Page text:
Charging mobile phones with sound, like chants from at football ground, could become a reality, according to a new collaboration between scientists from Queen Mary University of London and Nokia.
Last year, Dr Joe Briscoe and Dr Steve Dunn from QMUL's School of Engineering and Materials Science found that playing pop and rock music improves the performance of solar cells, in research published with Imperial College London.
Developing this research further, Nokia worked with the QMUL team to create an energy-harvesting prototype (a nanogenerator) that could be used to charge a mobile phone using everyday background noise – such as traffic, music, and our own voices.
The team used the key properties of zinc oxide, a material that when squashed or stretched creates a voltage by converting energy from motion into electrical energy, in the form of nanorods.
The nanorods can be coated onto various surfaces in different locations making the energy harvesting quite versatile. When this surface is squashed or stretched, the nanorods then generate a high voltage.
The nanorods respond to vibration and movement created by everyday sound, such as our voices. Electrical contacts on both sides of the rods are then used to harvest the voltage to charge a phone.
In order to make it possible to produce these nanogenerators at scale, the scientists found innovative ways to cut costs in the production process.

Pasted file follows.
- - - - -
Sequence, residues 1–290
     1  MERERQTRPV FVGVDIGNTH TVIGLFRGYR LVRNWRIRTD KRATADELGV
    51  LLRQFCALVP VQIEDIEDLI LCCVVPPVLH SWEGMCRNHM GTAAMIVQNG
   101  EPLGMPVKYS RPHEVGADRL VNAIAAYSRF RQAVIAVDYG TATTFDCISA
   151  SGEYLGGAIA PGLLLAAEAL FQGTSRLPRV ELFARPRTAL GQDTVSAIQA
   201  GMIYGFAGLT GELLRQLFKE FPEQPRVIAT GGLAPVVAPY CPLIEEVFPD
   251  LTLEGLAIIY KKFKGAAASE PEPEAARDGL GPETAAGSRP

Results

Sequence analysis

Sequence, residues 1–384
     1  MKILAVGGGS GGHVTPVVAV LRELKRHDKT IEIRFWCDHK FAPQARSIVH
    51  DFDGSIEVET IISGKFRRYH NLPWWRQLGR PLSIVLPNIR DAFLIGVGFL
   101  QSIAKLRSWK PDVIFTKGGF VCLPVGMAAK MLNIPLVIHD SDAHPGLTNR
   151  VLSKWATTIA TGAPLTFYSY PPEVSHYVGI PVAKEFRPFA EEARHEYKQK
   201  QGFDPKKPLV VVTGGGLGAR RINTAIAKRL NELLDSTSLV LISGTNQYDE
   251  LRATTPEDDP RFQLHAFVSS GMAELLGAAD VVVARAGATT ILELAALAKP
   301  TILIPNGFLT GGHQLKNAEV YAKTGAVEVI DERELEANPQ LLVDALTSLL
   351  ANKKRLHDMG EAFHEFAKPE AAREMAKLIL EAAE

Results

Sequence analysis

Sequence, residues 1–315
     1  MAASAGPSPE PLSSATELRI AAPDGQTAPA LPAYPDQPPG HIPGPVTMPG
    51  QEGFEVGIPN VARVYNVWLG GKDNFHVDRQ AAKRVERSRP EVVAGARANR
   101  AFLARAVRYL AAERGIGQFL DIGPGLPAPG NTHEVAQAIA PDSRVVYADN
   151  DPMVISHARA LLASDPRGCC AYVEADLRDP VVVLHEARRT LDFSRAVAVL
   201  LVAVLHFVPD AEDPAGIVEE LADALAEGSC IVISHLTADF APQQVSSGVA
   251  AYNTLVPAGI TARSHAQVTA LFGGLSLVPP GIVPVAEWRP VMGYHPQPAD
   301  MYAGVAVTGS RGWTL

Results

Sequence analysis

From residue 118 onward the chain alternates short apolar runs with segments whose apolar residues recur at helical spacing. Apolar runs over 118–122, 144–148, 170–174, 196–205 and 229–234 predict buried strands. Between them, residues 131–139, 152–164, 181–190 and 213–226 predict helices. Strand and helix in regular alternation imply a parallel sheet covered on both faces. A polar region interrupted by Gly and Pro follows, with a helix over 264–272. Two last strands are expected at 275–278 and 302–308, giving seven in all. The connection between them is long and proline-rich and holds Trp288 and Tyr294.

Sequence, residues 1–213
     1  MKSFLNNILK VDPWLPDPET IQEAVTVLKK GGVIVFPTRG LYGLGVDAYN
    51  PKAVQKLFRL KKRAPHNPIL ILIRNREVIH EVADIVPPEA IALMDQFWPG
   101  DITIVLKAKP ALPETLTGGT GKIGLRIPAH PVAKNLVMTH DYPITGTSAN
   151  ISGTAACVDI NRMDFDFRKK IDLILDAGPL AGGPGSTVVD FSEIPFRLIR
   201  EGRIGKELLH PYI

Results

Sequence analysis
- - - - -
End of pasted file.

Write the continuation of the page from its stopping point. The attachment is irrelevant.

Firstly, they developed a process whereby they could spray on the nanorod chemicals – almost like nanorod graffiti – to cover a plastic sheet in a layer of zinc oxide. When put into a mixture of chemicals and heated to just 90°C, the nanorods grew all over the surface of the sheet.
Secondly, gold is traditionally used as an electrical contact but the team were able to produce a method of using cheap and cheerful aluminium foil instead.
The ultimate device was the same size as a Nokia Lumina 925 and generates five volts, which is enough to charge a phone.
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Dr Joe Briscoe commented: "Being able to keep mobile devices working for longer, or do away with batteries completely by tapping into the stray energy that is all around us is an exciting concept. This collaboration was an excellent opportunity to develop alternative device designs using cheap and scalable methods. We hope that we have brought this technology closer to viability."
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